Lab-Grown Fish Sticks Are Coming

Lab-grown fish sticks
Bluu
Seafood
is
preparing
for
regulatory
approval
processes
for
its
cell-cultured
fish
products
in
Asia,
the
United
States,
the
United
Kingdom
and
the
European
Union.

Bluu
GmbH
/
Wim
Jansen

Lab-grown
fish
products
are
one
step
closer
to
arriving
on
grocery
store
shelves.
This
week,
Berlin-based
Bluu
Seafood

revealed

what
the
company
says
are
the
first
market-ready
products
made
from
cultivated
fish
cells:
fish
fingers
and
fish
balls.


Bluu
Seafood

is
now
preparing
to
enter
the
complex
web
of
regulatory
approval
processes
in
Asia,
the
United
States,
the
United
Kingdom
and
the
European
Union,
meaning
the

cell-cultured
products

could
be
heading
for
dinner
plates
around
the
world
within
the
next
few
years.
The
company
hopes
to
be
able
to
sell
its
products

by
2025
.

Since
2020,
Bluu
Seafood
has
been
perfecting
the
art
of
making
seafood
without
actually
killing
any
fish.
It’s
one
of
several
companies
working
to
develop
lab-grown
fish
foods
that
may
help
address
seafood
production
issues
like
overfishing,
cruelty
and
contamination
from

heavy
metals

and

plastics
.

Fish balls
Bluu’s
lab-grown
fish
balls

Bluu
GmbH
/
Wim
Jansen

To
make
its
products
without
harvesting
any
fish,
the
company
collects
tissue
from
a
live
fish,
then
uses
stem
cell
technology
to
create
duplicate
cells
by
feeding
them
a
“nutrient-rich
medium”
in
a
bioreactor,
per
the
company
website.
The
cells
then
begin
growing
up
scaffolding
structures
to
help
give
them
the
right
fishy
flesh
texture.

Once
the
company
has
developed
an
initial
biomass
of
cells,
the
system
is
self-sustaining
and
does
not
require
any
more
real
fish
from
that
point
forward.

“That
is
the
amazing
thing
about
‘immortalized’
cells—while
‘normal’
cells
double
for,
let’s
say,
20
times
and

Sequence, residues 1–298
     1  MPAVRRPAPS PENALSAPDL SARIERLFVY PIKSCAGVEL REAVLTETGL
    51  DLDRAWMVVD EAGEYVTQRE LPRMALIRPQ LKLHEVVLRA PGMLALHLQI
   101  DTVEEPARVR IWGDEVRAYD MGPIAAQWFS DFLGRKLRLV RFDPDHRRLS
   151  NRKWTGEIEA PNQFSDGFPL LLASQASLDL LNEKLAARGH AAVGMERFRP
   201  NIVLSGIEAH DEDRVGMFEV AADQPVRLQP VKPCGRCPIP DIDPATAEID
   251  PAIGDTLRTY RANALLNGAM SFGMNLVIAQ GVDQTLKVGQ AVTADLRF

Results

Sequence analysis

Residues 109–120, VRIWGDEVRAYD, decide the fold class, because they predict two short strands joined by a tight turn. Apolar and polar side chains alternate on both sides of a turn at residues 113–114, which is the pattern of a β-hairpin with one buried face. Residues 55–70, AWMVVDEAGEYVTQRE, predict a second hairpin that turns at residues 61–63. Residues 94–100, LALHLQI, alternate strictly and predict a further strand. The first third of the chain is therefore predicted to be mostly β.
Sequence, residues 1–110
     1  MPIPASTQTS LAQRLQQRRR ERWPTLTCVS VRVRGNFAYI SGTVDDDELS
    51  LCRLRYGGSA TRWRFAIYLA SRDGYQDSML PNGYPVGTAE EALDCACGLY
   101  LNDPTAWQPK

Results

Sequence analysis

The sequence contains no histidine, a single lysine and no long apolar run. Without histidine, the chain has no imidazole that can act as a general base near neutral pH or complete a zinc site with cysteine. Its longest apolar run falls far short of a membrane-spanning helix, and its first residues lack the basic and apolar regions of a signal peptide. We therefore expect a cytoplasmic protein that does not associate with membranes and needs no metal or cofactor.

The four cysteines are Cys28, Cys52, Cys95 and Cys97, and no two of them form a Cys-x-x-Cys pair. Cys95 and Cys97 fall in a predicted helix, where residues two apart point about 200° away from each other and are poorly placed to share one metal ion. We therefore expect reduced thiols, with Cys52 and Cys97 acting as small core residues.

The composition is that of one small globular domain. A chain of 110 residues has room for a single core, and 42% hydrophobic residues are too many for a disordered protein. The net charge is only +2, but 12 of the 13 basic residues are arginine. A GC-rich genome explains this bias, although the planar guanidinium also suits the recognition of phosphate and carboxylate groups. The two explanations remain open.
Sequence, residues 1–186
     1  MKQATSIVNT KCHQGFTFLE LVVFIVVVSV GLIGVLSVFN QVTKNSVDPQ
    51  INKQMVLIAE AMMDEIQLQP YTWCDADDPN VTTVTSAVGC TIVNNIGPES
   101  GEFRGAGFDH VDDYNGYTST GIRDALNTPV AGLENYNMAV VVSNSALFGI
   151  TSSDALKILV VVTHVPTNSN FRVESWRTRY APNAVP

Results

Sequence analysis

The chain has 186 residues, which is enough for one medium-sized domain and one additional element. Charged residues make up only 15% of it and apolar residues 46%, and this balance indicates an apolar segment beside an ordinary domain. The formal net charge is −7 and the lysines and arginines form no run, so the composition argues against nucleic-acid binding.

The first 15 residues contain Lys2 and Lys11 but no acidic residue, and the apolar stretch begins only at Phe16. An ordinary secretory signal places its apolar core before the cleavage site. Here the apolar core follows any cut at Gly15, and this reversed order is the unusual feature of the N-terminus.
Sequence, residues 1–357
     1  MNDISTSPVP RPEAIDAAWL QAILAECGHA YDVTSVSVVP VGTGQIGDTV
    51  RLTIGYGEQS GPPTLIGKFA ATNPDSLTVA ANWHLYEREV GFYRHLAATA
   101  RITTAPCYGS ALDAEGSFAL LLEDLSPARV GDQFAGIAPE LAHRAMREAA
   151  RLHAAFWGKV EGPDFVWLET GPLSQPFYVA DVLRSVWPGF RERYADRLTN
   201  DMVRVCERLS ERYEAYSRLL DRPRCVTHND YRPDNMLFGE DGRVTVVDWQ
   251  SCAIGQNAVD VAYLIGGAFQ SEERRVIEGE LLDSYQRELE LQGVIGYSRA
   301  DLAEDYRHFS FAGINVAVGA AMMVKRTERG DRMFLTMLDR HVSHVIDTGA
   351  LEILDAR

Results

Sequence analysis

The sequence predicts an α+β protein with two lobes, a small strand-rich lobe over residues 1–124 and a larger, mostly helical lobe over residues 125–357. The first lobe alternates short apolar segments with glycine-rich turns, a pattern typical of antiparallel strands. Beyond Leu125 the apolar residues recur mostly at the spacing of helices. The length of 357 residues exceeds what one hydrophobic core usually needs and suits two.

then
stop,
the
immortalized
cells
keep
on
doubling—theoretically
forever,”
Simon
Fabich,
the
company’s
co-founder,
tells


TechCrunch
’s
Paul
Sawers.

These
cultivated
fish
cells
are
the
main
ingredient
in
Bluu
Seafood’s
fish
fingers
and
balls,
but
the
company
also
adds
plant
proteins
to
“optimize
cooking
behavior
and
mouthfeel,”
per
a

statement
.

At
the
moment,
Bluu
Seafood
is
developing
lab-grown
cells
from
Atlantic
salmon,
rainbow
trout
and
carp.
The
company
is
also
working
on
more
complicated
fish
products,
including
sashimi
and
fillets.

Cell-cultured fish sticks
Bluu’s
cell-cultured
fish
sticks

Bluu
GmbH
/
Wim
Jansen

Other
companies
are
also
pursuing
similar
fish-based
products.
San
Francisco’s

Wildtype

is
working
to
make

sushi-grade
lab-grown
salmon
,
while
South
Korea-based
CellMeat
is
developing

cultivated
shrimp
.
Seafood
aside,
many
companies
and
research
groups
are
working
on
cultivated
meat
products,
like
lab-grown

sausages

and

meatballs
.
Pet
food
companies
are
also
developing
cell-cultured
meats

for
our
four-legged
friends
.

Cell-cultured
fish
and
meat
differ
from

meat
substitutes

and
meat
alternatives,
or
fake
meats,
in
that
they
are
made
of
“genuine
animal
meat,”
according
to
the
nonprofit

Good
Food
Institute
.
By
developing
cells
in
a
lab,
producers
can
avoid
some
of
the
environmental,
ethical,
labor
and
space issues
involved
in
raising
animals
for
food.

Though
seafood
tends
to
be
more
environmentally
friendly
than
other
types
of
protein,
such
as

beef
,
the
fishing
industry
has
its
own
set
of
problems.
Marine
habitats
are
becoming

more
vulnerable

as
the
climate
warms,
and
overfishing—the
practice
of
harvesting
too
many
fish
from
a
specific
area—is
further
disrupting
delicate
underwater
ecosystems.
Fishing
also
contributes

huge
amounts
of
plastic
pollution

to
the
world’s
oceans.

“Our
current
course
of
aquatic
animal
food
production
is
unsustainable,
both
wild-caught
and
[farmed],”

Matthew
Hayek
,
an
environmental
scientist
at
New
York
University,
tells


Gizmodo
’s
Lauren
Leffer.

Artikel ini diambil dari https://www.smithsonianmag.com/smart-news/lab-grown-fish-sticks-are-coming-180980549/

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